The various embodiments described above are provided by way of illustration only and should not be construed to limit the invention. Those skilled in the art will readily recognize various modifications and changes that can be made to these embodiments without strictly following the example embodiments and applications illustrated and described herein, and without departing from the true spirit and scope of the present invention, which is set forth in the following claims.
|Cited Patent||Filing date||Publication date||Applicant||Title|
|US5029003 *||Dec 18, 1989||Jul 2, 1991||General Electric Company||Apparatus for incorporating digital signals with a standard TV signal|
|US5138457 *||Sep 7, 1990||Aug 11, 1992||Sony Corporation||Television receiver having a system for reducing interference of a first audio signal carrier to a second audio signal carrier|
|US5202766 *||Nov 6, 1987||Apr 13, 1993||Deutsche Itt Industries Gmbh||Sound channel circuit for digital television receivers|
|US5220602 *||Dec 9, 1991||Jun 15, 1993||General Instrument Corporation||NICAM compatible television signal converter|
|US5309514 *||Jun 1, 1992||May 3, 1994||Scientific-Atlanta, Inc.||Pulse generator including a memory for storing pulses for modulation on a carrier of a television signal|
|US5325127 *||Jul 17, 1992||Jun 28, 1994||Telefunken||Process for transmitting digital data, in particular sound data, in a TV channel|
|US5502496 *||Jun 9, 1994||Mar 26, 1996||Thomson Consumer Electronics, Inc.||Apparatus for providing audible instructions or status information for use in a digital television system|
|US6147713 *||Mar 9, 1998||Nov 14, 2000||General Instrument Corporation||Digital signal processor for multistandard television reception|
|US6476878 *||Oct 21, 1998||Nov 5, 2002||Scientific-Atlanta, Inc.||Method and apparatus for audio signal processing|
|EP0519667A1 *||Jun 15, 1992||Dec 23, 1992||Pioneer Electronic Corporation||CATV terminal apparatus receiving a two-carrier-type broadcast signal|
|Citing Patent||Filing date||Publication date||Applicant||Title|
|US7477326 *||Aug 2, 2005||Jan 13, 2009||Broadcom Corporation||HDTV chip with a single IF strip for handling analog and digital reception|
|US7692726 *||May 17, 2005||Apr 6, 2010||Pixelworks, Inc.||Video decoder with integrated audio IF demodulation|
|US7880817||Aug 18, 2006||Feb 1, 2011||Sharp Kabushiki Kaisha||Receiver apparatus for outputting digital video and audio signals and receiver system incorporating the receiver apparatus|
|US7889282 *||Dec 6, 2006||Feb 15, 2011||Funai Electric Co., Ltd.||Digital television|
|US7907218 *||Nov 7, 2006||Mar 15, 2011||Sharp Kabushiki Kaisha||Receiver apparatus and receiver system|
|US7932957||Sep 11, 2006||Apr 26, 2011||Sharp Kabushiki Kaisha||Receiver apparatus and receiver system|
|US7961255||Feb 6, 2009||Jun 14, 2011||Broadcom Corporation||Television functionality on a chip|
|US8854545||Jun 14, 2011||Oct 7, 2014||Broadcom Corporation||Television functionality on a chip|
|US20050280742 *||Aug 2, 2005||Dec 22, 2005||Jaffe Steven T||HDTV chip with a single if strip for handling analog and digital reception|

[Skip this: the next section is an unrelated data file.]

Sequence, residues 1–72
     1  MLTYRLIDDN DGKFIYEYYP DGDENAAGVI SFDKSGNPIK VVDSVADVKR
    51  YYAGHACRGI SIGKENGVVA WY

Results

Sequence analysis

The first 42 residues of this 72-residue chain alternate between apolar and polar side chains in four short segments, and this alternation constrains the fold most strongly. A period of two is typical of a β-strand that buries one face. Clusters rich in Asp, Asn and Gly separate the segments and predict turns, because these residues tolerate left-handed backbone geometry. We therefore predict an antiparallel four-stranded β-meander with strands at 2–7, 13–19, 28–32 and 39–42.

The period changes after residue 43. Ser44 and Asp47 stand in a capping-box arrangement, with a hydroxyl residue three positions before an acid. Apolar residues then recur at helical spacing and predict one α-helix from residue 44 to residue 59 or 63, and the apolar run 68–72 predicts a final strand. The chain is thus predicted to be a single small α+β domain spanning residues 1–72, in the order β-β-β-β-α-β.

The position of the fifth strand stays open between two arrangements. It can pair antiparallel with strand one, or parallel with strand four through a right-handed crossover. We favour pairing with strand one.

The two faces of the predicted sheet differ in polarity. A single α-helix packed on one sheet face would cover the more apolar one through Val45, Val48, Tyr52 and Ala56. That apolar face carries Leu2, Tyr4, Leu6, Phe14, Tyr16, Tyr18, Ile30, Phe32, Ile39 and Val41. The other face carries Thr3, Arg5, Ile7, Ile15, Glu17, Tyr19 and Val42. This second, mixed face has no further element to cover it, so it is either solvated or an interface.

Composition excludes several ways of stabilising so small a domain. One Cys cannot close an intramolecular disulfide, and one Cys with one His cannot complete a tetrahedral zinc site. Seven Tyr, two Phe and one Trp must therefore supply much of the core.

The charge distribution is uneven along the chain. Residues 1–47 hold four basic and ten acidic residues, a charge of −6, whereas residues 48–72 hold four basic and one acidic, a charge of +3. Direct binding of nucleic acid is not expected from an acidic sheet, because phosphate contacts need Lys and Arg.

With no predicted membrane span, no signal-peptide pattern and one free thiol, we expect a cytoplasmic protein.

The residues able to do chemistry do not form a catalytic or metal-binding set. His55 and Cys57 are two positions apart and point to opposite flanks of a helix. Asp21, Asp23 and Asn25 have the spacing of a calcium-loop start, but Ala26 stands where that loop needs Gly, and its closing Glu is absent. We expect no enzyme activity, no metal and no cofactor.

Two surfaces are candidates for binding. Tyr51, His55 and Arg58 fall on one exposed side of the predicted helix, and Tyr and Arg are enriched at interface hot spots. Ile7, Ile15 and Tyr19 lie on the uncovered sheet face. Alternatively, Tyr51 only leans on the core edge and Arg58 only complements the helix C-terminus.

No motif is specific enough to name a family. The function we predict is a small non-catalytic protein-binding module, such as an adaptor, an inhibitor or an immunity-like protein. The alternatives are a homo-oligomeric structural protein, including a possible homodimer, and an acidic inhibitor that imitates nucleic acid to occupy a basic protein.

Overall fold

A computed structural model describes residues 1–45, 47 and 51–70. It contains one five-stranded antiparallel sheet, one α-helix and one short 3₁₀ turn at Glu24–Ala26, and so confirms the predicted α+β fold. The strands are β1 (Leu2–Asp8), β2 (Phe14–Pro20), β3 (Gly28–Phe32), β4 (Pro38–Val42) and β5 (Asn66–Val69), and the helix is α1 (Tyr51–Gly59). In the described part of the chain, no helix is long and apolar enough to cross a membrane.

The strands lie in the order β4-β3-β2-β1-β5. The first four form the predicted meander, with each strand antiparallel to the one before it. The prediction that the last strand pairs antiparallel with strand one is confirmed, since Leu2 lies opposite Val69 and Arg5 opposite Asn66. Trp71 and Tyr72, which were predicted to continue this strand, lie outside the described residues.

|US20070046831 *||Aug 18, 2006||Mar 1, 2007||Sharp Kabushiki Kaisha||Receiver apparatus and receiver system|
|US20070058093 *||Sep 11, 2006||Mar 15, 2007||Sharp Kabushiki Kaisha||Receiver apparatus and receiver system|
|US20070103597 *||Nov 7, 2006||May 10, 2007||Sharp Kabushiki Kaisha||Receiver apparatus and receiver system|
|US20070132891 *||Dec 6, 2006||Jun 14, 2007||Funai Electric Co., Ltd.||Digital television|
|US20070216806 *||Dec 1, 2006||Sep 20, 2007||Sharp Kabushiki Kaisha||Receiver apparatus and receiver system|
|US20070216814 *||Dec 6, 2006||Sep 20, 2007||Sharp Kabushiki Kaisha||Receiver apparatus and receiver system|
|US20070222897 *||Dec 1, 2006||Sep 27, 2007||Sharp Kabushiki Kaisha||Receiver apparatus and receiver system|
|U.S. Classification||725/127, 348/734, 725/38, 348/738, 348/E05.124, 348/726, 348/E05.094, 725/128, 348/E05.003|
|International Classification||H04N7/173, H04N5/40, H04N5/60, H04N5/00, H04N5/445|
|Cooperative Classification||H04N5/40, H04N21/439, H04N21/4382, H04N5/605|
|European Classification||H04N21/438M, H04N21/439, H04N5/40, H04N5/60N2|
|Oct 30, 1998||AS||Assignment|
Owner name: GENERAL INSTRUMENT CORPORATION, PENNSYLVANIA
Free format text: ASSIGNMENT OF ASSIGNORS INTEREST;ASSIGNORS:CAPORIZZO, LOUIS;PATEL, DIPAKKUMAR R.;REEL/FRAME:009557/0831
Effective date: 19981026
|Sep 28, 2009||FPAY||Fee payment|
Year of fee payment: 4
|May 28, 2013||AS||Assignment|
Owner name: BANK OF AMERICA, N.A., AS ADMINISTRATIVE AGENT, IL
Free format text: SECURITY AGREEMENT;ASSIGNORS:ARRIS GROUP, INC.;ARRIS ENTERPRISES, INC.;ARRIS SOLUTIONS, INC.;AND OTHERS;REEL/FRAME:030498/0023
Effective date: 20130417
|Oct 11, 2013||FPAY||Fee payment|
Year of fee payment: 8
|Mar 10, 2015||AS||Assignment|
Owner name: ARRIS TECHNOLOGY, INC., GEORGIA
Free format text: MERGER AND CHANGE OF NAME;ASSIGNORS:GENERAL INSTRUMENT CORPORATION;GENERAL INSTRUMENT CORPORATION;REEL/FRAME:035176/0620
Effective date: 20150101
|Dec 18, 2015||AS||Assignment|
Owner name: ARRIS ENTERPRISES, INC., GEORGIA
Free format text: ASSIGNMENT OF ASSIGNORS INTEREST;ASSIGNOR:ARRIS TECHNOLOGY, INC;REEL/FRAME:037328/0341
Effective date: 20151214